Wednesday, May 8, 2013
C2E2 PANEL: FUTURISTIC FRIGHT: SCIENCE-FICTION NOVELISTS IMAGINE FAR-FUTURE WORLDS
That’s a mouthful of a title. Sadly, this panel didn’t quite turn out to be about that. It was still a great time, but they went waaaaay off topic.
The guests were SF writers John Scalzi and Alex Hughes, and they were mediated by a woman whose name I didn’t get, and no amount of internet searching is helping me find it. I think she was a representative of Penguin USA, but for the life of me, I can’t recall her name, and it’s not in my notes.
They were off to a good start when Scalzi admitted his distaste, at least when it comes to his own work, for dystopian futures. He much prefers to take a philosophical approach to SF. He spoke for a while on the Cartesian separation of body and mind, and about the nature of being able to download your personality to a recording, mind-blowing things like that.
At one point, the mediator introduced the idea of space fantasy verses SF. It could have been an interesting discussion, but it veered off on another course. I think they were trying to promote the idea that stuff like STAR WARS was not SF but space fantasy, which is close but distinctly different. They didn’t discuss it, or far futures, for very long.
It wasn’t long before the panel was just another SF panel. That’s not to say it wasn’t fun (SF panels usually are pretty awesome), but it was no longer specialized.
One of the big topics discussed is the use of actual science in TV shows and movies. Few know this, but Scalzi was an advisor for STARGATE SG-U. In his time on that show, he noticed something: keep your scientific explanations simple and vague. Since SF uses a lot of theoretical science, there are no definite answers. If you find a middle-ground, you should be good. You’ll then get two responses: non-SF people simply won’t care, it’ll sound good enough to them; SF people, on the other hand, will puzzle over it for a while and come up with their own explanation, which will always be better than the one you devised yourself. Brilliant, really.
The STAR TREK reboot kind of got to him. He generally liked the movie, but when Spock was describing the thing with the star exploding, Scalzi just couldn’t take it. He hates hearing the usual clichés, like reversing the polarity. “Be happy with the polarity you were born with,” he said.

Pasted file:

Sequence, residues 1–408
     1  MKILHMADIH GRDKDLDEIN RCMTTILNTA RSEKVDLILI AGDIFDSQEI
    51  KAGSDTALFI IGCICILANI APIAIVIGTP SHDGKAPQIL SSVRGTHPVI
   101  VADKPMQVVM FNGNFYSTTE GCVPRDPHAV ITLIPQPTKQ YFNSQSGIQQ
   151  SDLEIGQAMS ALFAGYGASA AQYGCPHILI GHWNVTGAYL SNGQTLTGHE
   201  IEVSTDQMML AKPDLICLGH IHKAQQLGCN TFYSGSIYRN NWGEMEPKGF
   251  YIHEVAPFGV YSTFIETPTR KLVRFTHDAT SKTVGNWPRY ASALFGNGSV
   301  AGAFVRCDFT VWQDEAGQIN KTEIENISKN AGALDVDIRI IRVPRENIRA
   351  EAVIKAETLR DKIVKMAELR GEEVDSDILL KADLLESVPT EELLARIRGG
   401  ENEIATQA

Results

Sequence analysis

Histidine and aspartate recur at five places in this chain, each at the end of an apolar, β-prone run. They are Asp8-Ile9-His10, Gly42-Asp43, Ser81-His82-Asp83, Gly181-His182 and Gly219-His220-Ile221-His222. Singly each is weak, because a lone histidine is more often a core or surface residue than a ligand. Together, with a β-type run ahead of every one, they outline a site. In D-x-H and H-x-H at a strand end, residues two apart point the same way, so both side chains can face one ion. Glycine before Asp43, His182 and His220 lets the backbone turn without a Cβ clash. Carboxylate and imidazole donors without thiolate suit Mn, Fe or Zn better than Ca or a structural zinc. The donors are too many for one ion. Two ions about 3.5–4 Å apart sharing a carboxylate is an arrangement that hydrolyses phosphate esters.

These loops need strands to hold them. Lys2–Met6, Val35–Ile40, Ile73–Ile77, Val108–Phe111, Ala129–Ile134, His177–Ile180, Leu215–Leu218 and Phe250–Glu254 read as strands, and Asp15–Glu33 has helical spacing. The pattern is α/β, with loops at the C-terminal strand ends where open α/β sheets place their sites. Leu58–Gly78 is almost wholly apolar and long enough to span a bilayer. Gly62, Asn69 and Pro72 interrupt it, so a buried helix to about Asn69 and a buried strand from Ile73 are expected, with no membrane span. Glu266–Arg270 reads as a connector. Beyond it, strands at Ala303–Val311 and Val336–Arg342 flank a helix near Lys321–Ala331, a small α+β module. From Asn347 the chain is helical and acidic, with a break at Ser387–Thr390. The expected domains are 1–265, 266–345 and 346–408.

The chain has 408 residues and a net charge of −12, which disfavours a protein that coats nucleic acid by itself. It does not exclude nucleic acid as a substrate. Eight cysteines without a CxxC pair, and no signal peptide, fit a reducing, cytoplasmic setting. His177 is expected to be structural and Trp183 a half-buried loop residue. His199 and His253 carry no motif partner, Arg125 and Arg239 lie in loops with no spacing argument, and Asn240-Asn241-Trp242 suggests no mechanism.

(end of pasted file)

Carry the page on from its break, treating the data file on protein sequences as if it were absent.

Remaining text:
He was full of good one liners, my favorite being about having enough power to explode galaxies. “Why not destroy a few galaxies? For the lulz.”
He was in a really good mood, cheerful, full of jokes and great observations. Sorry, fellow LORD OF THE RINGS fans, but he turned me on one subject: I’ve always said the books are better. While I enjoyed the movies, the books will always be the true LotR. Scalzi disagrees. He says that Tolkien was really good at creating this world with vast detail, even going so far as to write THE SILMARILLION, but he just wants to sit back and relax in this world, structure be damned. Peter Jackson had the common sense to focus all of these details and histories and everything into a story. Being a purist, I hated to admit that he was right. I’ve always miss the real ending of LotR, when the hobbits return to the Shire only to find Saruman has taken over and they have to defeat him to save their home. No one has ever put that into their adaptation except for the Mind’s Eye radio play. Well, I guess there’s a reason, but it upsets me whenever people leave it out. I have to give this one up, folks. There is no reason for that part to be in LotR. Jackson was right to cut it out. In fact, Jackson’s LotR is the best form of that story.
Scalzi made an interesting point with that last bit. Two more examples he used are JAWS and THE GODFATHER. The movies are the best versions of those particular stories. Not that the books were bad, they just weren’t as good. It’s a hard concept for us purists to get over, but I have to admit that he’s right.
As charming as Scalzi was, Hughes was nervous. She conducted herself really well, but the unfortunate thing is, I’m pretty sure no one in the room knew who she was. (I certainly didn’t. I bought her book, but I haven’t gotten to it yet.) As a result of this, no one asked her any questions. It got to the point where the mediator and Scalzi both asked the audience to offer up some questions for Hughes. I hate to say this, because I really liked Hughes, but the only question she got from the crowd was akin to a pity question, kind of like an adult condescending to a kid. It wasn’t meant to be that way, but that’s how it came off.
All in all, it was a successful outing. We all had a good time, a few laughs, and a few insights into the world of SF.